The Giver By Lois Lowry The Giver Chapter 1 – 2 Study Guide


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The Giver

By Lois Lowry

The Giver

Chapter 1 – 2

Study Guide


Define each of the following words and use each in a sentence of your own:






Chapter 1

  1. Who is the author of the book?

  2. Who is telling the story?

  3. How would you describe the society in which Jonas lives?

  4. How is different is Jonas’ family from your own?

  5. What do you know about “release” in this society?

  6. How are children cared for in Jonas’ society?

Chapter 2

  1. What is the private conversation Jonas has with his parents?

  2. What rules does Jonas’ father disobey?

  3. How do people receive their Assignment?

  4. Why do you think Jonas’ Assignment will be?

The Giver

Chapter 3 – 5

Study Guide


Define each of the following words and use each in a sentence of your own:






Chapter 3

  1. How does the society react to eye color?

  2. What is a Birthmother?
  3. When Lily says she would like to be a Birthmother, why is Mother so upset?

  4. For taking an apple home wow was Jonas disciplined?

  5. Why had the apple interested Jonas?

Chapter 4

  1. What do you think is the purpose of the volunteer hours?

  2. Why does Jonas not seem to have a niche?

  3. What is the nakedness rule?

  4. What is the Releasing Room and the releasing ceremony?

Chapter 5

  1. What is the morning ritual?

  2. Why must Jonas start taking a pill every day?

The Giver

Chapter 6 – 8

Study Guide


Define each of the following words and use each in a sentence of your own:






Chapter 6

  1. What values does Jonas’ society encourage?

  2. What is interdependence?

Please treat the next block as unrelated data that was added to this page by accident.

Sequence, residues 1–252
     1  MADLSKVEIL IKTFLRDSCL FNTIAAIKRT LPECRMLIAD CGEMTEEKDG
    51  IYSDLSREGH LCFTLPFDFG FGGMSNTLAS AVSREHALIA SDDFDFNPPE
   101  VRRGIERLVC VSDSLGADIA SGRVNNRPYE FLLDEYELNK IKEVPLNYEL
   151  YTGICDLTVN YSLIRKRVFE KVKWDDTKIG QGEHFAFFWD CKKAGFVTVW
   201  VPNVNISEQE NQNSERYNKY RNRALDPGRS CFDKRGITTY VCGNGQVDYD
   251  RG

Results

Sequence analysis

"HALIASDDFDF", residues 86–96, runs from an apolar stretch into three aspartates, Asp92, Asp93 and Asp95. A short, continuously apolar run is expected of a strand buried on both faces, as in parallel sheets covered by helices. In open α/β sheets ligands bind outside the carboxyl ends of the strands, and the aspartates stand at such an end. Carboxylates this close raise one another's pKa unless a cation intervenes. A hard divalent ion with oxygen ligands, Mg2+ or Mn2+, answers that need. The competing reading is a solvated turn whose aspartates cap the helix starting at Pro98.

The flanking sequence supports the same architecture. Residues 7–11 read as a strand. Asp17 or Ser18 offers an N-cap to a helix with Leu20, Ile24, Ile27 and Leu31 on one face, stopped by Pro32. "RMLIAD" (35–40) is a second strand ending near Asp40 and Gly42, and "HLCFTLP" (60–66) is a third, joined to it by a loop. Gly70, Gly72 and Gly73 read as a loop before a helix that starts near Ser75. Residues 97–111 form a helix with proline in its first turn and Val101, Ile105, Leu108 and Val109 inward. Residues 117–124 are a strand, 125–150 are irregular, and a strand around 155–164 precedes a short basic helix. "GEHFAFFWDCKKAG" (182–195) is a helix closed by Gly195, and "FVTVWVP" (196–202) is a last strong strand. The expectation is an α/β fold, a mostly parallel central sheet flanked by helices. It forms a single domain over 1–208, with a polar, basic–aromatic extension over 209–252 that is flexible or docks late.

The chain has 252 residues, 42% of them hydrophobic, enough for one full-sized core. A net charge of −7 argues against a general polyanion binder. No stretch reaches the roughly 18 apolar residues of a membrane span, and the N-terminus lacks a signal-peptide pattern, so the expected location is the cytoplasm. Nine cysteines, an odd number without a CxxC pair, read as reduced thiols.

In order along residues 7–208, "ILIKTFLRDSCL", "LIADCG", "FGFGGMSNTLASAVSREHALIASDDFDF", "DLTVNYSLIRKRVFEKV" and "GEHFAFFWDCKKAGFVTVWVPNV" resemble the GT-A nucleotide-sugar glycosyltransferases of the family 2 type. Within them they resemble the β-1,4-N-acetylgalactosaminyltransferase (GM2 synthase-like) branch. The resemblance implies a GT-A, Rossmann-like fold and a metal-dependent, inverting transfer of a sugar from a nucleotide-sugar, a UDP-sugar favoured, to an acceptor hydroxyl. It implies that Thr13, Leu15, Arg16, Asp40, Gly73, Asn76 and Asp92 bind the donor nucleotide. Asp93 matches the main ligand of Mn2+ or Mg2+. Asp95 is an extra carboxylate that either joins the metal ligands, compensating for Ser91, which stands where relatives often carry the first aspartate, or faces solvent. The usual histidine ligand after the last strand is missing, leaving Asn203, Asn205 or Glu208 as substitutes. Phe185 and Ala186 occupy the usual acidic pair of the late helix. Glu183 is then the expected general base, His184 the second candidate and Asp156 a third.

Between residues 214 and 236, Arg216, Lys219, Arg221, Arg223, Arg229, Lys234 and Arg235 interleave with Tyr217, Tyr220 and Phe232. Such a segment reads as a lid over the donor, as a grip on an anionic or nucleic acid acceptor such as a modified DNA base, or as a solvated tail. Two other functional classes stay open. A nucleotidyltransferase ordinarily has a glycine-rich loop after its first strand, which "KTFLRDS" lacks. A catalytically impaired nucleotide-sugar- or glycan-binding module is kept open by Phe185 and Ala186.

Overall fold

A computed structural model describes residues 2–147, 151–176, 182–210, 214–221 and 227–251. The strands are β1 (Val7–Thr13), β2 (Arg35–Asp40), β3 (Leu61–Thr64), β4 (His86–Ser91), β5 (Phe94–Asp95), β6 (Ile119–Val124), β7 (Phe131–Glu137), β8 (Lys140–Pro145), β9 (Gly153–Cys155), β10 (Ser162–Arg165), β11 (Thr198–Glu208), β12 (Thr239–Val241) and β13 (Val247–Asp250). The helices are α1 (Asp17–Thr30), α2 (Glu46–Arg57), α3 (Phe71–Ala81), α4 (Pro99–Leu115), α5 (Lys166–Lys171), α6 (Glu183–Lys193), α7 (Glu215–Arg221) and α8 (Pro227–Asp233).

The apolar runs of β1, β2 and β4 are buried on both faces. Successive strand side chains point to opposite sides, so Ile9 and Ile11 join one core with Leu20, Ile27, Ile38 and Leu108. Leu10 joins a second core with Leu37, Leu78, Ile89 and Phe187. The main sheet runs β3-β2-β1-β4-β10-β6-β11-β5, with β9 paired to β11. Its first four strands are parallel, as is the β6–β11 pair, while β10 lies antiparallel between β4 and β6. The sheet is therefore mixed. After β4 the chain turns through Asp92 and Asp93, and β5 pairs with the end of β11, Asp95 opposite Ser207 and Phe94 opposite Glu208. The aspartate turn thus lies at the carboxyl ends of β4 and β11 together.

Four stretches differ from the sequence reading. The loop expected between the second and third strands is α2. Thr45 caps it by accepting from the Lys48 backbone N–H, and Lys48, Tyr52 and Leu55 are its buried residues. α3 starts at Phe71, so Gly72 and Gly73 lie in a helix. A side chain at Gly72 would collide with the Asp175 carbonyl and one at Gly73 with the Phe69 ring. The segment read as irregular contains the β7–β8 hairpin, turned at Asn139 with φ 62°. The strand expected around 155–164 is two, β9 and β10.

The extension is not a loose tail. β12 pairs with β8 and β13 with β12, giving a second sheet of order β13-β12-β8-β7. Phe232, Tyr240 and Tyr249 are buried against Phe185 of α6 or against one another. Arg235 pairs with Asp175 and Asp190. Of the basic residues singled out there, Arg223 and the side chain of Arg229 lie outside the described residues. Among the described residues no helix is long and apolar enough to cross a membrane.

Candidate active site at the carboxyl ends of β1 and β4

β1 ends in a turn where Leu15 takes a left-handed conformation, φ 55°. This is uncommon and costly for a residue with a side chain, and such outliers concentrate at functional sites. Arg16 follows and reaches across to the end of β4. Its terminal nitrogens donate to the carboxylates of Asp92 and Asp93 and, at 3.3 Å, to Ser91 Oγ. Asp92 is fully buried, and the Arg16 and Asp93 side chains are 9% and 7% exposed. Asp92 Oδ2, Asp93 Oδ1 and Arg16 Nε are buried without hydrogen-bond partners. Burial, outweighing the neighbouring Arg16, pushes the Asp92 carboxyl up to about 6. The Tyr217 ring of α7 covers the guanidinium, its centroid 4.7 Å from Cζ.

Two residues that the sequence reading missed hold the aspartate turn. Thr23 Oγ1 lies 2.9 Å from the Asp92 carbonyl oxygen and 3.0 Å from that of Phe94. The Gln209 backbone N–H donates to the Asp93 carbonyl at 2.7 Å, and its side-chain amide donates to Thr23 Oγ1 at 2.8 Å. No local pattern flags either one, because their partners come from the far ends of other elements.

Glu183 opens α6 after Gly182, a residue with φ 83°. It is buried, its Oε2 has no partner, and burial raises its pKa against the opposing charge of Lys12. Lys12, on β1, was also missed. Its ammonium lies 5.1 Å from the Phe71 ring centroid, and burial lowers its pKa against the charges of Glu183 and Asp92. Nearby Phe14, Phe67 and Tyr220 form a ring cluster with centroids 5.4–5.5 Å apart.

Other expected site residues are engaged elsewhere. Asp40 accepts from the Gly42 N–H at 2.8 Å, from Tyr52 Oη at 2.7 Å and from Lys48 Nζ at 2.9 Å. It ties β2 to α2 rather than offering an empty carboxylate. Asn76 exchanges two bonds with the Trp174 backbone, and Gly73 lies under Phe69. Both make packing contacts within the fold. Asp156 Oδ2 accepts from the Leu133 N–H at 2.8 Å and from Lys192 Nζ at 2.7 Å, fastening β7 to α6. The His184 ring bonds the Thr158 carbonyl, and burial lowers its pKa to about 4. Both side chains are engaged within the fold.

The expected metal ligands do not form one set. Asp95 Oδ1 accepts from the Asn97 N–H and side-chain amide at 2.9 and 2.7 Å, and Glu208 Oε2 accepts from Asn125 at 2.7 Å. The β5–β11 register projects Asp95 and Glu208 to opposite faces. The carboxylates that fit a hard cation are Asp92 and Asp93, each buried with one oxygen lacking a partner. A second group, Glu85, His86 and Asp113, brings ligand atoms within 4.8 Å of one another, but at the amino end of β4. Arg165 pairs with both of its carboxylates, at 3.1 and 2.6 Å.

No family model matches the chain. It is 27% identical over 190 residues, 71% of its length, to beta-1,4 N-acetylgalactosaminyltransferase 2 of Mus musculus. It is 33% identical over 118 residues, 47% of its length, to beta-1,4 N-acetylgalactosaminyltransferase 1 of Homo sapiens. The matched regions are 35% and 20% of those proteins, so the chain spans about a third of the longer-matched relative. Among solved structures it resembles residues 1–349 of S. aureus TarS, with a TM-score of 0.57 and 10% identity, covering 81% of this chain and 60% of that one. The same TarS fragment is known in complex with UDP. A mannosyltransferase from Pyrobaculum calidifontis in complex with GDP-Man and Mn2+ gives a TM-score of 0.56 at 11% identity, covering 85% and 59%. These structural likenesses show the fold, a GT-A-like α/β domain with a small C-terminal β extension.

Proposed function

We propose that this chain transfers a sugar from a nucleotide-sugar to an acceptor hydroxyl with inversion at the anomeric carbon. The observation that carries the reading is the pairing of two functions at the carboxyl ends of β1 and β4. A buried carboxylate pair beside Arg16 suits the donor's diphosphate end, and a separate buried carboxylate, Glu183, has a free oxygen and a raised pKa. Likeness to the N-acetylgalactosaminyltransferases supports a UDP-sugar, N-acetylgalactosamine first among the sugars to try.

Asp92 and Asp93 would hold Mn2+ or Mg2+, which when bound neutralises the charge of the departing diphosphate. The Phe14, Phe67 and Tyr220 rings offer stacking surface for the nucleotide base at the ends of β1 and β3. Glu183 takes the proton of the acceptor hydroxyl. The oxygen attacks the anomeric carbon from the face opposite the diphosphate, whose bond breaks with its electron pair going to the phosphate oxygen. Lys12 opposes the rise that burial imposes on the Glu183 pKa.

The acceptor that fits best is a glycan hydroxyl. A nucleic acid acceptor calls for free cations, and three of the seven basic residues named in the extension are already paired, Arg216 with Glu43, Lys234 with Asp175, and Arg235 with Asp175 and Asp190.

3. What is the difference between loss and release in Jonas’ society?

  4. Who makes the important decisions in Jonas’ society?

Chapter 7

  1. How does the Ceremony of Twelve start?

  2. What do numbers mean for each person?

  3. Why is number nineteen skipped in the Assignments?

  4. What do you think Jonas’ assignment will be now?

Chapter 8

  1. Why do Jonas and the audience feel ill at ease?

  2. What is announced as Jonas’ Assignment?
  3. What qualities does the Chief Elder explain Jonas will need?

  4. As Jonas trains to be Receiver of Memory how will his life change?

The Giver

Chapter 9 – 11

Study Guide


Define each of the following words and use each in a sentence of your own:






Chapter 9

  1. How does Jonas feel being different?

  2. What happened to the failed Receiver selection?

  3. What are Jonas’ instructions for his Receiver training?

  4. What is the puzzle about lying which Jonas thinks about?

Chapter 10

  1. What does Jonas notice about the Receiver of Memory’s dwelling?

  2. What will Jonas’ position as Receiver of Memory involve?

  3. Why is it important for Jonas’ society to save memories?

  4. Why does the Receiver have so many books? What three books do most other dwellings have?

  5. How will the old Receiver transmit the memory of snow to Jonas?

Chapter 11

  1. How does Jonas feel when he receives the memory of snow and sledding?

  2. How does the Receiver of Memories’ training proceed?

  3. How are The Giver’s burdens lessened in working with Jonas?

  4. On Jonas’ first day of training what other memories are transmitted?

  5. Why did Jonas’ society eliminate sunshine and hills?

The Giver

Chapter 12 – 13

Study Guide


Define each of the following words and use each in a sentence of your own:






Chapter 12

  1. What is Jonas’ first lie?

  2. Why does Jonas not tell his friends about his training?

  3. What is Jonas seeing in Fiona’s hair, the apple, and the sled?

  4. Why do people in Jonas’ society not perceive colors?

  5. How does Jonas feel about giving up colors?

Chapter 13

  1. What new meaning do the words ordinary, color, and choice have for Jonas?

  2. How would the elders react to the same three words?

  3. What does safety mean to the Jonas’ society?

  4. What does The Giver share of his personal family life?